rondkijken: searching for workspace


Last fall, I officially joined the throngs of freelancers. My little bedrijf, Erin van Santen-Hobbie Freelance (creative, I know) was born and I committed to myself and to the government on working an average of 25 hours per week.

Because Estella is in the crèche on Fridays and Frans has his papadag on Thursdays, the end of the week becomes my much-anticipated work time. I average 16 hours on both days, and then make up for the remaining 9 throughout the week. Think: naptimes.

Oh, how nice it must be to work from home.

Yes it would be, but I can’t. I just can’t work from home, no matter how hard I try. I even removed one of our nightstands and set up a desk in our bedroom, thinking Perfect! I now have an in-home office!

I have worked at the in-home office exactly 3 days in 2 years. Despite the 550 square feet of apartment cuteness we rent, I was miraculously able to carve out a little work niche. It’s not that. I just cannot work from home. I just can’t, with so many other things shouting at me.

Who knew laundry could be so loud? Or dishes in the sink. Or crumbs on the floor. Who knew that my inner voice of guilt could be so deafening as my little girl plays in the other room. A million things call to me all day, and usually those million things are louder than my work. Even silence is louder than work.

Cue the need for workspace.

I know that there are workspaces you can rent all over the city. But when you work only 25 hours a week, you’re trying to go for as cheap as possible. Like, for free. So I’ve been working in cafés all over the city. I’m a strong worker in areas bustling with people. Yes, you have to pay for a coffee or a tea, but I usually limit myself as much as possible and take a trip home for lunch, making my grand total no more than 10 euros per day. (Note: ‘coffee shops’ in Amsterdam denote marijuana shops. It took me about a year to break the habit of saying, I’m going to go work at the coffee shop, but now I’ve got the word café down pat.)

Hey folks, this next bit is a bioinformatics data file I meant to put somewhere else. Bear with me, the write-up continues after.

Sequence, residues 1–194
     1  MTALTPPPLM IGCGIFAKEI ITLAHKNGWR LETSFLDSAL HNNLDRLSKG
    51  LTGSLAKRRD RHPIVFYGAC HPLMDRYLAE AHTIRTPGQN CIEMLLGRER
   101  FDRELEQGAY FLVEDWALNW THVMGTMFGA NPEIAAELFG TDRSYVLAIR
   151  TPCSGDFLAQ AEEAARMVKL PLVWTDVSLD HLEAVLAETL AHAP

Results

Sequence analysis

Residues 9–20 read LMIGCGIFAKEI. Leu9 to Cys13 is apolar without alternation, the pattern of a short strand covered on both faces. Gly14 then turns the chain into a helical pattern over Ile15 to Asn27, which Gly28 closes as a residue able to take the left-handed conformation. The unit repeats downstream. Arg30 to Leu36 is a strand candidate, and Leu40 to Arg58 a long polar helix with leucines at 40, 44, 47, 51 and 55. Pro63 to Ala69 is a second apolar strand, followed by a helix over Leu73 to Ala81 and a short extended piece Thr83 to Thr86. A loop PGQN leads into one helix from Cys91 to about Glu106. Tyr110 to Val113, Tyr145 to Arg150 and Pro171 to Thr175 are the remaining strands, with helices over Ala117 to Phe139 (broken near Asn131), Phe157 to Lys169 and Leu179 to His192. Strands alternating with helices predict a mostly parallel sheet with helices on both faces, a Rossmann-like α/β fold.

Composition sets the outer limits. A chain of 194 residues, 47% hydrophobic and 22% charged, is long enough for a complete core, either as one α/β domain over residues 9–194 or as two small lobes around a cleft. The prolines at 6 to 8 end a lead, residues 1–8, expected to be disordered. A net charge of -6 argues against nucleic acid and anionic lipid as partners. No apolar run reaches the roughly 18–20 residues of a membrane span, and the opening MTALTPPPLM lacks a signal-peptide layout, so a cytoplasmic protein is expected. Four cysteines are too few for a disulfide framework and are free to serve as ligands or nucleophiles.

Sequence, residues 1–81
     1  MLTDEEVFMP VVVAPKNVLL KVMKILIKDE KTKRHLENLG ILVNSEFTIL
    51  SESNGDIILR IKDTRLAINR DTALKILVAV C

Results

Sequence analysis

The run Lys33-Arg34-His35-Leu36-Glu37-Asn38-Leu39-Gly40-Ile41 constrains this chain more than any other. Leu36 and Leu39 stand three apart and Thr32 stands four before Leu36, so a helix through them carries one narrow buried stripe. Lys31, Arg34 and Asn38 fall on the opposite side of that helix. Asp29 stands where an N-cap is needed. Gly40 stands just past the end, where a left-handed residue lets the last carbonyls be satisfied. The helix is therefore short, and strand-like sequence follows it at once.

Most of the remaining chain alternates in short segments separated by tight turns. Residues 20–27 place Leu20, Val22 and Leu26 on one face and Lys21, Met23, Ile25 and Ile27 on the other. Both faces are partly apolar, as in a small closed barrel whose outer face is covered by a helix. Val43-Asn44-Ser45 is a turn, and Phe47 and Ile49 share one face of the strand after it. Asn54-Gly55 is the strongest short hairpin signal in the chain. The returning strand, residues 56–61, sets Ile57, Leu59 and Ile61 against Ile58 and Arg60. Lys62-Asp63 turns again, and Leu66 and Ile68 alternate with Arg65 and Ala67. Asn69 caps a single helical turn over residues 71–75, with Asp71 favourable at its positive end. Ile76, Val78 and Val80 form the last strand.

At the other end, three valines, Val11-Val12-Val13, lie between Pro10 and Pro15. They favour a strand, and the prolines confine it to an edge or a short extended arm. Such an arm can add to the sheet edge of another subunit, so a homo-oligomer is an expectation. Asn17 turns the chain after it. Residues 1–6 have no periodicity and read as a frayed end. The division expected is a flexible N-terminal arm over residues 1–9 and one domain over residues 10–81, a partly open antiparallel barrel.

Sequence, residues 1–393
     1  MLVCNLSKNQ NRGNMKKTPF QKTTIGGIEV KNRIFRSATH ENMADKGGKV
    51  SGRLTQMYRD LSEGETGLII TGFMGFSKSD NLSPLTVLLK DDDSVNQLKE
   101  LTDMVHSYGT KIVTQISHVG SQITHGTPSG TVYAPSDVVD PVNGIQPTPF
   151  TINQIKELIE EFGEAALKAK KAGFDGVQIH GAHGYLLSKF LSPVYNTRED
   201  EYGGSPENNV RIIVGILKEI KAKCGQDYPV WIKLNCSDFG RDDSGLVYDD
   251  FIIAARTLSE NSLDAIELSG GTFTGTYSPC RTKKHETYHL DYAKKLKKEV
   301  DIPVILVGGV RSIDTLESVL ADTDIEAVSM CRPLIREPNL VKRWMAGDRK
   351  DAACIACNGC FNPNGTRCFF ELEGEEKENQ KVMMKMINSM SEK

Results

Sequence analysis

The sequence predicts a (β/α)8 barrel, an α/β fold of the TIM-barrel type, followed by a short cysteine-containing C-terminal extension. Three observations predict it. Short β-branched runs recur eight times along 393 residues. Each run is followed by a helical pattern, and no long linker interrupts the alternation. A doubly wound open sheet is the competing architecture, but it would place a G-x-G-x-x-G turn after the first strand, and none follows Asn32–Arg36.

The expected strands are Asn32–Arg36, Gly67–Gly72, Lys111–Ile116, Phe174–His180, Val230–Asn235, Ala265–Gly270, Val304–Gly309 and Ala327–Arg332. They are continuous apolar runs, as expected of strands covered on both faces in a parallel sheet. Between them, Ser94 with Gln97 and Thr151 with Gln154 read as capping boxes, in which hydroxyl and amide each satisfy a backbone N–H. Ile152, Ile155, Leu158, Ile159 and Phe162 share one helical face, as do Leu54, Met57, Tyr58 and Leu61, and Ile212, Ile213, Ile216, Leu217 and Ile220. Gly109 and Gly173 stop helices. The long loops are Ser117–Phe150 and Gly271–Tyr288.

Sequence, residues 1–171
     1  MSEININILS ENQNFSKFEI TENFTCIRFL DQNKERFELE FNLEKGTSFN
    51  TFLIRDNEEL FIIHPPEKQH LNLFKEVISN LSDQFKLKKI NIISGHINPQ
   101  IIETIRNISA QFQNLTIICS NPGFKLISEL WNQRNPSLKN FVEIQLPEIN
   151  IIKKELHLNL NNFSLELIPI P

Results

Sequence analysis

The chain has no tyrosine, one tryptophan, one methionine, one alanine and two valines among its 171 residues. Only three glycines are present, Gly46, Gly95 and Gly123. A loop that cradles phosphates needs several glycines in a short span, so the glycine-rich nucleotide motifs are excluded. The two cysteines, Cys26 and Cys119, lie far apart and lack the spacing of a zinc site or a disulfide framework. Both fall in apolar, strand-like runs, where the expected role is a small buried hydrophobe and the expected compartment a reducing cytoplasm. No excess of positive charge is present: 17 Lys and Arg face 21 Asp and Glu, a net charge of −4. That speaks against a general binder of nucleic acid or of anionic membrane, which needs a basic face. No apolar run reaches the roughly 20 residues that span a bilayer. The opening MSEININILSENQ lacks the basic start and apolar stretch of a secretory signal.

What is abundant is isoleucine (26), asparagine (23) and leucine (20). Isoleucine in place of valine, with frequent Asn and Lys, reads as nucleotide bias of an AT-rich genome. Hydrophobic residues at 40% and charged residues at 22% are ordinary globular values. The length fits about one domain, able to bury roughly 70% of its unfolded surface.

For over a year, I worked mostly at a café I loved and the servers and owners there actually became friends. The café made the decision to close, the owners moving on to bigger and better things, but man do I miss the warm and open community sphere in that café. It was a little oasis.

So now I’m looking for a little oasis of my own, and I thought it would be interesting to do a little review every now and again on the different cafés I’m trying out. So far the list includes: Anne & Max, Caffenation, and Drover’s Dog. If you’re in Amsterdam, I’d love to hear about your favorite cafés and/or workspaces!

4 thoughts on “rondkijken: searching for workspace

  1. The upstairs Starbucks at Central Station is rather big. You can sit inside or on the balcony looking down into CS. Great place and it brings you some USA. I also know some people have found great places to work at the airport, a bit far but for some I heard it’s worth the trip. I love Beans and Bagels: great coffee, good wifi and great atmosphere. I have always loved Paladium on Leidseplein but I do not know what they are like now. I know some museums have great coffee places too. And I love big libraries, those are worth looking into. Good luck with this!!

    • Thank you for this wealth of information, Maddy Christine! I will look into them. I’m sure you miss some Amsterdam cafes every now and then, huh? Liefs, Erin

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